A brand can have performance issues—like local access due to plan coverage and patient compliance—at virtually any phase of its lifecycle. Metrics from anonymous patient level data (APLD) can be developed to provide a rapid assessment that examines regional areas where uptake of market share is not meeting expectations.

The gastro-esophageal reflux disorder (GERD) market has been served for many years by two distinct classes of medications. The first class of drugs used to treat the condition was termed H2 Antagonists and included brand names such as Zantac, Pepcid, and Axid. In 1989, AstraZeneca launched the first of a new class of medications called Proton Pump Inhibitors (PPI). The release of Prilosec was quickly followed by other PPIs including Takeda’s Prevacid, Eisai’s Aciphex, and Pfizer’s Protonix.

The GERD market was one of the early darlings of the move to using direct-to-consumer advertising among pharmaceuticals. AstraZeneca’s Prilosec, long known as the “Purple Pill,” went off patent in 2001 and was replaced by a follow-on drug, Nexium. By the mid-2000s, virtually all H2 Antagonists were available generically, while the PPIs battled for competitive market share across the country. In 2004, AstraZeneca received approval for Prilosec to be distributed as an OTC medication.

Meanwhile, in the late 2000s, Prevacid and Protonix lost patent protection. With the loss of Prevacid’s patent protection in 2009, Takeda launched a new PPI, Dexilant, into the market in February 2011. Dexilant is different than most medications of its kind because, like an extended-release type of medication, one pill releases two separate doses of the medication.

By June 2012, Dexilant achieved a 3.3 percent share of new-to-brand patients and a 3.6 percent share of total prescriptions across the market. How consistent was the national performance with sub-national territory performance? Alternatively, could issues be identified via a diagnostic that incorporated APLD in order to improve Dexilant’s performance?

The Assessment: New-To-Brand Prescriptions And Compliance
Monitoring compliance and new-to-brand activity on a regional level is especially important for a newly launched drug like Dexilant. Inputs to performance tracking should include projected APLD that can easily classify new-to-brand starts, an overall projected prescribing estimate for the geography, and an efficient means to capture compliance activity—all at a sub-national level.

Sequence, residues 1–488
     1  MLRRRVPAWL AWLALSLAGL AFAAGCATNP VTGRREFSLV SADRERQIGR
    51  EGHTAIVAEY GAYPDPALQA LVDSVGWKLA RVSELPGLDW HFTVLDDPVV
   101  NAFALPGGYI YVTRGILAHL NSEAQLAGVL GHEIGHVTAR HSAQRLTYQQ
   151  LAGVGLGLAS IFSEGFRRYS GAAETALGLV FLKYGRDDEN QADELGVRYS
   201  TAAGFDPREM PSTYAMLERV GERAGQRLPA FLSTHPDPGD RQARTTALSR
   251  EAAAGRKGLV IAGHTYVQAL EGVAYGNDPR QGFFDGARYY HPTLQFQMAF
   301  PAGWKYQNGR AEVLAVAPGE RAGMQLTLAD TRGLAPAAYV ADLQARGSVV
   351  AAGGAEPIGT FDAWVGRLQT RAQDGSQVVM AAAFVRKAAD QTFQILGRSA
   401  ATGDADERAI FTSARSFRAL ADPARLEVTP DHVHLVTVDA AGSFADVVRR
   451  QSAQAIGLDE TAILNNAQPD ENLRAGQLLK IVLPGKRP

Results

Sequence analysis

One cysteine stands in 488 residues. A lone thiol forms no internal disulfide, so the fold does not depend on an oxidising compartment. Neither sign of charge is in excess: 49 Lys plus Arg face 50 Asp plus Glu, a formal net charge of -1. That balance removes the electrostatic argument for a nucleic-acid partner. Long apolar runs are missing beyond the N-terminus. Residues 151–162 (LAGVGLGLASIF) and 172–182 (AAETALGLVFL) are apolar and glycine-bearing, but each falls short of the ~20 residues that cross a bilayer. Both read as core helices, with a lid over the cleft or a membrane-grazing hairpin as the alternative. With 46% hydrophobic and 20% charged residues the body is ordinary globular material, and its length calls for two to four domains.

New-to-brand prescription percentage (NTB%) is an indicator of access—how well new patients flow into taking the brand. NTB% represents the share of prescriptions among patients who are taking a drug for the first time within a defined competitive market set. For Dexilant, NTB% is defined as the number of new-to-brand patient prescriptions divided by the total Dexilant prescriptions across a given geography. To determine a profile for a “new-to-brand” prescription, marketers should apply a six-month look-back period per patient to determine whether it is the first time Dexilant was taken in the clinically relevant market.

Compliance is often a ratio expressed as a percentage that measures the time (in days) for patients to refill medications divided by the number of days’ supply they receive. A patient given a 30-day supply of a medication on January 1, 2012 would be 100 percent compliant if he refilled his prescription 30 days later on January 31, 2012. Similarly, that patient would be only 50 percent compliant if he refilled the prescription 60 days later. Substandard compliance may be an indicator of potential cost or education issues that the brand may have.

Plotting NTB% against compliance-percentage in a scatter-plot graph can create a diagnostic. The national values for both NTB% and compliance (16.7 percent and 80.3 percent, respectively) are used as lines of central tendency to complete the quadrant. By adding these mean as central lines on to the graph, the chart provides a quick and easy assessment of high performing territories as well as potential issues. Furthermore, this approach could be used for the ongoing assessment of relative territory performance over time.